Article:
Price Control/ Legislation

Price Control Policy The Price Control Policy is characterized as a procedure in which the government or its designated agency establishes the pricing of essential commodities. In essence, it involves the government utilizing legal means to determine the prices of specific goods, with options including both maximum and minimum price control. In Nigeria, the Price […]

Price Control Policy

The Price Control Policy is characterized as a procedure in which the government or its designated agency establishes the pricing of essential commodities. In essence, it involves the government utilizing legal means to determine the prices of specific goods, with options including both maximum and minimum price control. In Nigeria, the Price Control Board is responsible for implementing and overseeing price regulations on essential commodities.

 

Objectives Of Price Control Policy

  1. Preventing the exploitation of consumers by producers.
  2. Managing or preventing inflation.
  3. Supporting low-income earners, such as those earning minimum wage.
  4. Controlling the profits of companies, particularly monopolists.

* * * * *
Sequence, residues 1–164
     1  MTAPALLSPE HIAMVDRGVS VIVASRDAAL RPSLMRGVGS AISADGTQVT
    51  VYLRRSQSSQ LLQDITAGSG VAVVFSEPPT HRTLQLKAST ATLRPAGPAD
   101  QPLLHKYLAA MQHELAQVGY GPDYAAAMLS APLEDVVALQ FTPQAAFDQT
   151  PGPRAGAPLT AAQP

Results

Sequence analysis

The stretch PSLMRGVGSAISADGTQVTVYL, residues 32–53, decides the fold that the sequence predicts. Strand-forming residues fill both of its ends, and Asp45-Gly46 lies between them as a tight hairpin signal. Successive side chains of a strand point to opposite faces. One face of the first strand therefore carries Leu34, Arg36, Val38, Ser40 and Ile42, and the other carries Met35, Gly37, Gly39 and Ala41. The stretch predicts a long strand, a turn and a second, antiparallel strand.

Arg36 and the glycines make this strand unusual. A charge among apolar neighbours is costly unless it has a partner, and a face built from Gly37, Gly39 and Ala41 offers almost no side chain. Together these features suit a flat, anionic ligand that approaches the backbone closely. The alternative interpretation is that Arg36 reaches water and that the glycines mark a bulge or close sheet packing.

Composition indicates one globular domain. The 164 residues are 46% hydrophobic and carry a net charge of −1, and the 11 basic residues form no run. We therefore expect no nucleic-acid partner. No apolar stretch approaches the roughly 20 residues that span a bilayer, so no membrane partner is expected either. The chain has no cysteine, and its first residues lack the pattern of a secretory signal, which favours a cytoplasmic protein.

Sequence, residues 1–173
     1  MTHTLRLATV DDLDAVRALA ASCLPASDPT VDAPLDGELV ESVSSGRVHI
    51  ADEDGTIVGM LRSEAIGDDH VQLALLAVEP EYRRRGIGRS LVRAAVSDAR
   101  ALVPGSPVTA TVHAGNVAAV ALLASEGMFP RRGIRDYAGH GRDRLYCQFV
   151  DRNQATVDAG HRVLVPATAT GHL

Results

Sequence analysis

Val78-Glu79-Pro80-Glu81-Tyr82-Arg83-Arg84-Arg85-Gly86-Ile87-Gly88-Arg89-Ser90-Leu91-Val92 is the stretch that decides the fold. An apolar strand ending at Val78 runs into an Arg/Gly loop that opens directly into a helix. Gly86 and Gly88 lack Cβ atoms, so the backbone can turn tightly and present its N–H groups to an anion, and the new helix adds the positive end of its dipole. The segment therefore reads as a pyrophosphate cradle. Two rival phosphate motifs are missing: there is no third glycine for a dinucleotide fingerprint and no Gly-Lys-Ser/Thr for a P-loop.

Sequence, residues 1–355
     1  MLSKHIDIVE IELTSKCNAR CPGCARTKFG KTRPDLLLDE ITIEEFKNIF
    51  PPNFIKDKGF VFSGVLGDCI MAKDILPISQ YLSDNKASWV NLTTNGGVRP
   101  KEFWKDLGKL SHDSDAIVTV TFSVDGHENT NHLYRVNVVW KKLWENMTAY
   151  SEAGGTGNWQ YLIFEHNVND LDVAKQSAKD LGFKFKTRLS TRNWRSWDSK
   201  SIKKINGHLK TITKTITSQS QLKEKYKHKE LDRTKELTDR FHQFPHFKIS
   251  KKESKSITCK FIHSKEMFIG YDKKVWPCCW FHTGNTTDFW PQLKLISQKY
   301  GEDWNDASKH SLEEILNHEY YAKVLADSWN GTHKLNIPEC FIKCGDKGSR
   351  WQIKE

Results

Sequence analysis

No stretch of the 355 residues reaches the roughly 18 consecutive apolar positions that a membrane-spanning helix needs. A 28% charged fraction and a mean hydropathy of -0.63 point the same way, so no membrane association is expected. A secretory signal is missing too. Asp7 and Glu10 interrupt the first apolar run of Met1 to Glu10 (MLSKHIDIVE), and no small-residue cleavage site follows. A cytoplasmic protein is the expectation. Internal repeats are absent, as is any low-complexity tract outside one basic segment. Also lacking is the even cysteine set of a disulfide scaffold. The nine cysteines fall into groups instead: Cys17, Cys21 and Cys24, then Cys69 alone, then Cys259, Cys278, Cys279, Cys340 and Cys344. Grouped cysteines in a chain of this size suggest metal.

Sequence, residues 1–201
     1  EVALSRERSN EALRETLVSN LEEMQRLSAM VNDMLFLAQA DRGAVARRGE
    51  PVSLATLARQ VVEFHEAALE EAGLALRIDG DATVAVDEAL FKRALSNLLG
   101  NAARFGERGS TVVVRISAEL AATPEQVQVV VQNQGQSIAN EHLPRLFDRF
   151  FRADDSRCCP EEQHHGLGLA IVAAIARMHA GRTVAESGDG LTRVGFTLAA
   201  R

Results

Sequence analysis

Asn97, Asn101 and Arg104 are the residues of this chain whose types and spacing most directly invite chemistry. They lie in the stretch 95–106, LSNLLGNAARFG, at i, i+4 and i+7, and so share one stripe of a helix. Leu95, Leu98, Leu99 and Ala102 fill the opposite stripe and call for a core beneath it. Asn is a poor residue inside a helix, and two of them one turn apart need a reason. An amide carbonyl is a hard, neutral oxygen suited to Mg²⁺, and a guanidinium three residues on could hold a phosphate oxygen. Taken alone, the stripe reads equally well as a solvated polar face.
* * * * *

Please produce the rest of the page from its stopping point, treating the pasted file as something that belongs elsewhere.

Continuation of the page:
5. Preventing price fluctuations of certain goods, such as agricultural produce.
  6. Stabilizing the income of producers, such as farmers.
  7. Facilitating future output planning.

 

Types Of Price Control Policy

Minimum Price Control Policy: This establishes the legally lowest price for goods and services, allowing buyers to offer a higher, but not lower, price. The primary purpose is to ensure a minimum income for workers, especially during inflation, and to safeguard agricultural producers from income decline due to bumper harvests. However, it may lead to excess supply and unemployment in labor markets, as well as the emergence of a black market.

 

Maximum Price Control Policy: This sets the legally highest price at which goods and services can be sold. Sellers can offer prices below it but not above it. The objective is to protect consumers, particularly the poor, during periods of rising prices. This often results in excess demand, shortages, black market activities, secret sales, and rationing.

 

Effects of Price Control Policy

  1. a) Hoarding of goods
  2. b) Stimulation of demand, leading to excess demand
  3. c) Shortages of goods in the market
  4. d) Queues for the concerned goods
  5. e) Black market dealing and under-the-counter sales
  6. f) Reduction in supply
  7. g) Rationing of goods
  8. h) Favouritism, bribery, and corruption

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